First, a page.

Need to show off your freelance talents and win over potential new clients? Read five tips to help you build a freelance portfolio that will get you work.
You could be the best freelancer on the entire planet, but nobody will know that if your portfolio doesn’t do your work justice. A less-than-impressive portfolio could also mean settling for a lower rate and taking on jobs that are less fulfilling.
Five tips to build a freelance portfolio that will get you work
Spending time on building a great portfolio is an investment in your career and well worth the effort. It will pay off in the long run by demonstrating your value to potential clients, and helping you land the premium jobs that you’ll be proud to work on.
To help you build a freelance portfolio that will win you work, here are five useful tips.
1) Choose a medium
How and where will you showcase your work? The answer will largely depend on what you do and your budget.
Gone are the days when you need to physically drag your portfolio across town to search for work. Today, most freelancers have an online version of their portfolio that they can send to prospective clients, publish online for people to find them, or link to in their social media profiles.
If you’re a writer, you might consider a site like clippings.me, where you can add links, upload PDFs and even embed multimedia pieces, including podcasts. (The basic version is free.)
Also free to use, behance is a popular site with creatives, showcasing the work of everyone from architects and illustrators, to motion graphic designers and UX professionals.
If you have the skills, budget or time and inclination to learn, you can even create your own website with bespoke URL. A simple WordPress site or free Wix or Weebly website can look professional and give you the exposure you need – like this site, which was self-built by lampshade designer Swee Mei with no previous technical skills.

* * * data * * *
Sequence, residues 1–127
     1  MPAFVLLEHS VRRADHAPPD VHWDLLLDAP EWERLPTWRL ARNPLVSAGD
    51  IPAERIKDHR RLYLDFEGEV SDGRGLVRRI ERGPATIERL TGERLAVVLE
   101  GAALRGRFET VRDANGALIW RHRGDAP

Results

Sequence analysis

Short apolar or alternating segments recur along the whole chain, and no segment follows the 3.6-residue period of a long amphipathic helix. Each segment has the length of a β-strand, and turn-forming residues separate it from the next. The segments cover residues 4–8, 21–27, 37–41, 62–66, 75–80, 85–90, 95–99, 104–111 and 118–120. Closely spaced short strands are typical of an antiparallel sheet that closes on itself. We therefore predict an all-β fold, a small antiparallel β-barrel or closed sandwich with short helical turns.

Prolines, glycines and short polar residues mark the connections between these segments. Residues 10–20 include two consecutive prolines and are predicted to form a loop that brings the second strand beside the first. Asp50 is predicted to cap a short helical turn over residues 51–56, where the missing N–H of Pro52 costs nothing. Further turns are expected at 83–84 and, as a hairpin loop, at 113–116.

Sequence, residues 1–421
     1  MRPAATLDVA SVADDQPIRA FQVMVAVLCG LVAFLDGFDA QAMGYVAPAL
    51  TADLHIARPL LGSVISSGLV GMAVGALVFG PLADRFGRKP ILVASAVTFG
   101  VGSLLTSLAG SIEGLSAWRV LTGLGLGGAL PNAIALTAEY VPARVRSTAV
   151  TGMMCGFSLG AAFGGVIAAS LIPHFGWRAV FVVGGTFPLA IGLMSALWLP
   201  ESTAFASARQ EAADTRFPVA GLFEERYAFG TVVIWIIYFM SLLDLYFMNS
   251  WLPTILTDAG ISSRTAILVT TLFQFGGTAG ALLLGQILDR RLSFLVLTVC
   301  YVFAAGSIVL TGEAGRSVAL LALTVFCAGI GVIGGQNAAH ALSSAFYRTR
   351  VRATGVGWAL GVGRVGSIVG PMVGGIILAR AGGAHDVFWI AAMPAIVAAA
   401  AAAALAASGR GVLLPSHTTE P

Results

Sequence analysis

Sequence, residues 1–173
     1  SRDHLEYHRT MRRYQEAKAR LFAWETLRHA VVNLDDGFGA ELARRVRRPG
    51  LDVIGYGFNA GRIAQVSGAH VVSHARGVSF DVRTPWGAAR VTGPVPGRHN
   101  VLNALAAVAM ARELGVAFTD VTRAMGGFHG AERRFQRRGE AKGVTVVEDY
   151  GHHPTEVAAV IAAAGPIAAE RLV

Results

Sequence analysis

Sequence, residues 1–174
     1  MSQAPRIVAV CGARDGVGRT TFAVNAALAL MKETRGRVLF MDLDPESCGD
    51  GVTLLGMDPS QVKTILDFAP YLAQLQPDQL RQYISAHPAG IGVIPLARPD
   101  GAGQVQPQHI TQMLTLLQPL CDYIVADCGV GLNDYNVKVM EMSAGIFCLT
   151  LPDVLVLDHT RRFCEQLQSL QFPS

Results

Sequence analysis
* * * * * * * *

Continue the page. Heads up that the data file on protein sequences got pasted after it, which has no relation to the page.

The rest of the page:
2) Narrow things down
Squeezing your entire back catalogue into your portfolio will only make things chaotic and disorganised. So carefully curate the work you to display, based on passion and the type of projects (and clients) you want more of.
Which projects were you most passionate about? What gave you the greatest sense of accomplishment? Which type jobs would you love to repeat? Think too about the sort of client or sector you want to attract.
Choose to feature only these projects. If a potential client requests further examples of your work, you can always send them later.
3) Discuss your personal goals
Clients need to know why they should choose you over any other freelancer. What sets you apart from the others? Why are you the best fit for their project? And what skills do you feel you have a complete mastery of?
So briefly explain what you’re passionate about, and what parts of the job you find most satisfying on your about page or profile.
Your about copy should not only showcase your competency – it should also demonstrate your uniqueness and willingness to learn and grow.
4) Feature your feedback
Have you ever been featured on a major website or national publication? What are your major accomplishments? What do your clients say about you? Make sure you include that information in your portfolio.
Potential clients don’t just want to know that you’re brilliant at creating work; they also need to be convinced that you are professional to deal with. So reassure them that you can take briefs, work to deadlines and are a pleasure to communicate with.
And the best way to achieve this is via testimonials from existing happy clients. So ask clients if they’d mind giving you a quote for your website, or using quotes from emails they may have sent you thanking you for your work.
Former client lists or logos of well known brands you have worked for (however tiny the job) can also help reassure potential clients. If other big names have used you, or companies they recognise from their industry, it makes you less of a gamble in their eyes.
Case studies can also be a brilliant way of showcasing how you work, and the results you can achieve. (Read a quick and easy guide to writing a brilliant case study here.)
5) Provide plenty of contact information
If someone wants to hire you, how are they going to get hold of you? Make it reallyeasy for a potential client to connect with you.
You may find that most people want to contact you via email, but some will prefer the immediacy of a conversation over the phone or via Skype.
If you have a locally-based business with a physical address (such as a studio or shop) you may want to include that. You can ask add links to your social media profiles if you wish.
Update your portfolio over time
It’s important to remember that your portfolio isn’t a one-and-done deal. As you continue to learn and grow in your profession, you’ll want to update it to reflect your progress.
So every few months, look for ways you can refresh your portfolio so it feels current and actively maintained – and make it a true reflection of your expertise and passion.